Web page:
• Jeet Banerjee of Park Cy, shared his awe-inspiring story with us, as he talked about his startup, which he founded in Berlin. He transformed the challenges into opportunities in the cycling industry. Alongside promoting cycling, he found the solutions for the cycle parking issues which were faced by numerous people in many European cities such as Berlin, Amsterdam, etc. Being an Indian who founded a startup in Germany, he also shared what other Indian entrepreneurs can learn from his journey and how Berlin, as a startup hub of Germany, provides a good support system and resources to the startups or entrepreneurs who want to find innovative solutions. 

We had our second-panel discussion focused on Artificial Intelligence in the context of Indo-German Startup Co-operation, organized by our amazing partner ‘GINSEP’ which provided us valuable insights in AI trends from the perspectives of startup founders and enablers. An important tangent of this discussion focused on building trust in AI across Berlin and India, moderated by Amrita Gandikota of GINSEP and AsiaBerlin

  • Philipp Günther of Berlin Partner für Wirtschaft und Technologie, talked about how Berlin is a very international and matured startup hub in AI ecosystem in Germany, which attracts a pool of international talent – “Berlin is a home to a number of excellent research and innovative startups, and corporates fostering the cooperation in the field of AI.’’ He also shared his thoughts on how Germany and India can collaborate, create values and build trust in this sphere on a broader level. 
  • Being a tech entrepreneur living in Germany, working in the space of cloud data and AI, Santhosh Jayaprakash of Ankercloud shared with us why he chose Berlin to found his startup and what were the bottlenecks. “Berlin is much easier for foreign entrepreneurs in terms of language barrier, bureaucracy, understanding the market landscape, the available support system and the access to talent.’’
  • Reena Dayal of QETCI touched on the approaches how German startups can benefit from the Indian startup ecosystem. “Germany should look beyond the manufacturing sector and the materials. There is a great opportunity for Indian and German startups to explore the cross-sectoral synergies.” She also spoke about how Quantum is an emerging area and how QETCI, as the ecosystem enabler for Quantum including startups can create the opportunities to connect the startups from both sides and then further connect them to end user community, to the market, etc. She also insisted that the multilevel stakeholders such as governments, startups, corporates and research organizations should join hands to accelerate the development of the AI and quantum ecosystem.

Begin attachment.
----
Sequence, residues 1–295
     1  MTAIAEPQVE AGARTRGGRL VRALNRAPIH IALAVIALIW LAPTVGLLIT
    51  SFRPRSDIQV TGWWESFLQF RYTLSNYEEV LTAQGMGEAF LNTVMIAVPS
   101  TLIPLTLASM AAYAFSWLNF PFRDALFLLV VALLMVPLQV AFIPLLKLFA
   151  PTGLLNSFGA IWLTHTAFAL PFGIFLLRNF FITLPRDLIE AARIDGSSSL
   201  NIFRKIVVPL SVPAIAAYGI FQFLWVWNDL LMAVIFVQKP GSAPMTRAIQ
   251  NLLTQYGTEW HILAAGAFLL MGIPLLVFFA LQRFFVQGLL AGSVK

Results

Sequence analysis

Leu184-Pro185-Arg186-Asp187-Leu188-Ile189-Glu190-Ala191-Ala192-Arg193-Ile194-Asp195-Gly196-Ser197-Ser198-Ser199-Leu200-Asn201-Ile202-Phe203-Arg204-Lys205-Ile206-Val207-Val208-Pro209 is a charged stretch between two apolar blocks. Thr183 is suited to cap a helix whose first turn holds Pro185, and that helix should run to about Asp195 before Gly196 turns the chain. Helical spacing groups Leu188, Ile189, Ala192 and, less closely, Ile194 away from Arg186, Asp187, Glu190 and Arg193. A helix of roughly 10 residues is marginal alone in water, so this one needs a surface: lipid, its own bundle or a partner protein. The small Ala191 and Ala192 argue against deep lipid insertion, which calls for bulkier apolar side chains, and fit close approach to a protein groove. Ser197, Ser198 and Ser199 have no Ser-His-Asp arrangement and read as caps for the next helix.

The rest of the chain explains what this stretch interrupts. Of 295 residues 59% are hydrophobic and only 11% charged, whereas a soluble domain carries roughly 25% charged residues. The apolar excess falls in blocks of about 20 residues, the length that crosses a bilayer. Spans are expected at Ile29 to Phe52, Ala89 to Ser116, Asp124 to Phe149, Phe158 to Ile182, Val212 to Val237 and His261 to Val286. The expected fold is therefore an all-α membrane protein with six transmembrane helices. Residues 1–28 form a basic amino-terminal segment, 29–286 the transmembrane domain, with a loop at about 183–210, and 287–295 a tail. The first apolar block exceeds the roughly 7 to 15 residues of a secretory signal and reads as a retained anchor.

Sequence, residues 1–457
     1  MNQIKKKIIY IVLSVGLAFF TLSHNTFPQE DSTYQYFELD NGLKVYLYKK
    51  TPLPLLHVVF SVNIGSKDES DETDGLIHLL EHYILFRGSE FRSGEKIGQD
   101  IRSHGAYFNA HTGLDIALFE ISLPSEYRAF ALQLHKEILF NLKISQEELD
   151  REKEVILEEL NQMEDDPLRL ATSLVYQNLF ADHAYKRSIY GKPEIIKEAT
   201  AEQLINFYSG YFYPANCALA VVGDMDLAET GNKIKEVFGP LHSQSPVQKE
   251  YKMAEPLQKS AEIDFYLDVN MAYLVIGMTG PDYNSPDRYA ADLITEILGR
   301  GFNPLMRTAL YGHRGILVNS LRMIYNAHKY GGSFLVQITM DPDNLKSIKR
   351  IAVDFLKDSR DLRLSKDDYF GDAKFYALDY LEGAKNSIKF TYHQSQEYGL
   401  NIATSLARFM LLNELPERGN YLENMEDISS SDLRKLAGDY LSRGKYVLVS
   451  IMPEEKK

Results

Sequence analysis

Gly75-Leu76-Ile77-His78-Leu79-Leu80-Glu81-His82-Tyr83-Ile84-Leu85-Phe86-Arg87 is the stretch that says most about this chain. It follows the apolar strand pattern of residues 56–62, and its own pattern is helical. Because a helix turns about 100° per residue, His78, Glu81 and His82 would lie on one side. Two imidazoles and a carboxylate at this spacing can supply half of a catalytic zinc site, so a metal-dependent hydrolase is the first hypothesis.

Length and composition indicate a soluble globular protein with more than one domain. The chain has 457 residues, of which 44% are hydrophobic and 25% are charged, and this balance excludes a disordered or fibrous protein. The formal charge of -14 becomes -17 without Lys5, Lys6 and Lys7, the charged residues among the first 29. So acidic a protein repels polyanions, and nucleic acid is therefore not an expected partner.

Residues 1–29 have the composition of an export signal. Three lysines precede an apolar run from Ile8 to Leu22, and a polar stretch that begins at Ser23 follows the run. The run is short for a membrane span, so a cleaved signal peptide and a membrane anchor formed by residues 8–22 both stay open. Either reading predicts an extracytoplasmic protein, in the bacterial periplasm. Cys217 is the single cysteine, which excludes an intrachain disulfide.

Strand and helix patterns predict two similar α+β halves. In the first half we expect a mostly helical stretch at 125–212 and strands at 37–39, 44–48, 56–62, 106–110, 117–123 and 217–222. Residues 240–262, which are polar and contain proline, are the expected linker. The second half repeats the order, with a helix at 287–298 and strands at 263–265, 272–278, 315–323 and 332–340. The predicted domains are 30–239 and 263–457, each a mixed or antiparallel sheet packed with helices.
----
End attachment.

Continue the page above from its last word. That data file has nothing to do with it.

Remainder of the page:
• This conversation was followed by some remarks from Purushottam Kaushik of the World Economic Forum. He spoke about how India is focusing on emerging technologies like AI, Blockchain, Drones and Data policy, especially in the sectors such as agriculture, healthcare, circular economy, etc. He not only mentioned the gaps in the data ecosystem and existing constraints in scaling these technologies across all these sectors, which are relevant areas of interest for both Germany and India. But he also suggested the solutions to bridge these gaps and harness the data more effectively through public private partnerships – successfully driving innovations, creating more impact and helping the businesses to scale.

Finally, our third panel discussion was led by our partner OAV which revolved around the topic of Corporate innovation in Berlin and India, where we mapped out valuable leads on potential areas of innovation in corporates and startups. The session was moderated by Oina Kerchner of EY Berlin, who shared “The big corporates need to change and that is often not possible to do it from the inside, but there are startups out there that have ideas to disrupt the market, to bring in fresh and new ideas, challenging existing business models. There is a big opportunity for both the corporates and startups to come together and shape the future.” 

  • At this panel, we were joined by Anzy S. Mohammed of SAP Labs India who laid out the roadmap of SAP to foster Corporate Innovation – helping startups to work on the problem statements, giving them the opportunities to build their framework, technology or products and to scale – thus deconstructing the boundaries of innovation through various initiatives like SAP Startup Studio (their in-house accelerator) in India. He also shed light on the current corporate innovation landscape in India. “There is a significant startup market in India but primarily in specific verticals. A lot of time, the market has to be created which is a big challenge for a lot of startups. If we look at the startups from fintech, healthtech or edutech, they are coming together and creating the market.”
  • Sampath Vinay of UrbanKisaan addressed the severe challenges faced by the Indian farmers due to the shortage of resources as well as lack of technological information and how their hydroponics startup is researching and creating robust and reliable agritech – to empower the farmers by deploying the tech in the farms. “Our scientists are working with the farmers, educating them to use best techniques for their farming, upskilling them on the ground and promoting sustainable farming, using renewable energy in farming and thus reducing carbon footprint.” He also mentioned the investments they received from BASF this year, which would help them to further expand their market presence. 

In this last panel for the day, we also heard from Dr. Frank O. Holtrup of Covestro, who told us about his German company which is operating in India and manufacturing high performance plastic for daily life products. They have recently invested venture capital into startups. He spoke briefly about the kind of startups they are scouting for to invest in.  

All videos of India Day panels can be found here :

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Deepak Dhawan

Deepak Dhawan

Hailing from one of the most vibrant and culturally diverse cities of India (Delhi), Deepak Dhawan graduated with a Master's degree in German Studies in 2019 from the University of Delhi. During his studies, he was awarded with a fully-funded DAAD scholarship by the University of Freiburg to attend an exchange semester. In 2017, he also got the opportunity to attend International Summer School in Weimar, Germany. Since the last two years, he has been working with international Non-Profit Organizations and been engaged in project management, communications & PR, market research, social media and website management. In his current role as a Program Coordinator at PrimedinFabrik, he is working along two international Startup initiatives - GINSEP (German Indian Startup Exchange Program) and AsiaBerlin - building the bridges between German and Indian startup ecosystems. Along this journey, he has developed a strong sense of Purpose, Optimism and Resilience.